There have been a number of cases of the harassment and arrest of journalists, as well as an unexplained death over the reporting period. July saw the first anniversary of the imprisonment of Saparmamed Nepeskuliev, a contributor to RFE/RL who was jailed for 3 years in 2015. In September Mr Altymurad Annamuradov died after being abducted and severely beaten. He was the brother of exiled journalist and activist Chary Annamuradov. This happened shortly after Chary Annamuradov was released having been detained in Belarus on an outstanding arrest warrant. It follows the unexplained deaths of his 3 other brothers in previous years. In October, Galina Kucherenko, an animal rights activist, was harassed, allegedly by the authorities, following her campaign to rid Ashgabat of stray animals. In the same month, Soltan Achilova, a correspondent for Radio Liberty (RFE/RL), was attacked and her camera taken, reportedly by plain clothes police officers, for filming queues for cigarettes and groups of protesting women who were being refused permission to purchase them. This was followed in November by alleged threats to enforce a suspended gaol sentence against Rovshen Yazmuhamedov, another RFE correspondent. Azatly Allashov, another RFE/RL correspondent, was arrested on 3 December and beaten badly, reportedly for possessing chewing tobacco. The OSCE Representative on Freedom of the Media later called on authorities to release Allashov, the EU has made several representations to the Turkmen Authorities regarding these cases.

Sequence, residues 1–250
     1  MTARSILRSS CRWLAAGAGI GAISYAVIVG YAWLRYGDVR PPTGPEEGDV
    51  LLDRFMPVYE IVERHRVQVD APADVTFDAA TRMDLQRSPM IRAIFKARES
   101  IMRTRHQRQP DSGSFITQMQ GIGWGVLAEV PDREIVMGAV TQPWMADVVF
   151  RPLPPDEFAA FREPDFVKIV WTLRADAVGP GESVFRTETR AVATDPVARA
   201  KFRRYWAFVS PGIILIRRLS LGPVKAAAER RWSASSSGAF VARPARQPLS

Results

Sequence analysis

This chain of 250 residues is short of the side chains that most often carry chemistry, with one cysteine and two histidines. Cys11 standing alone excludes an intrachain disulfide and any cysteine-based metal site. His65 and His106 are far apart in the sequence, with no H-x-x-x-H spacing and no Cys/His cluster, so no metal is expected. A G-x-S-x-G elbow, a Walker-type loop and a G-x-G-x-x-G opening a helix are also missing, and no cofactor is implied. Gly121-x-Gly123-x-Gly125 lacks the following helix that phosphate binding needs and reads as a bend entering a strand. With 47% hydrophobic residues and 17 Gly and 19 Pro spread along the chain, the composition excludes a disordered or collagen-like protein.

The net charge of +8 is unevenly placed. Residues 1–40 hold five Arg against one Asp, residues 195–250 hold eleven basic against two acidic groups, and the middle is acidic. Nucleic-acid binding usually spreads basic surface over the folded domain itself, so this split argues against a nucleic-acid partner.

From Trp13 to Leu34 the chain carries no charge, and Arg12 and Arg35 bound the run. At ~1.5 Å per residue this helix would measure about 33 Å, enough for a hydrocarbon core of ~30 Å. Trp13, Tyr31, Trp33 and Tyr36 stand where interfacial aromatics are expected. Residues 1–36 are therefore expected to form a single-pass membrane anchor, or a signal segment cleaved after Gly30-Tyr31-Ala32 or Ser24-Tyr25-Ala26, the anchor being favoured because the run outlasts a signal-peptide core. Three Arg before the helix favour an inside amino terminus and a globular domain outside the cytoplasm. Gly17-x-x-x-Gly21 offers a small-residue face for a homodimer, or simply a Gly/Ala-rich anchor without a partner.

It was reported in July that the body of one of the alleged “coup plotters” against then President Niyazov in 2002 was returned to his family. This was the first time he had been heard of since his sentencing to life imprisonment in December 2002. A UN report in December by the Committee against Torture reiterated its previous recommendations, noted its concerns at continuing allegations of widespread torture and ill-treatment and called for the President Mr Gurbanguly Berdimuhamedov to make a public statement “affirming unambiguously that torture will not be tolerated”.

The fate of some prisoners, however, was better. As is traditional on important National Days, the President pardoned 612 prisoners, including 26 foreign citizens, on 2 July to mark the end of Ramadan. A further 1,500 were released in honour of Independence Day on 21 October and 561 for Neutrality Day in December. Over 300 Iranian prisoners will be extradited back to Iran following an agreement between the 2 countries.

The Turkmen government invited Ambassadors from the EU, UN, US and OSCE to visit a youth detention facility in Mary Province. This was the first time foreign diplomats had visited this Detention Centre.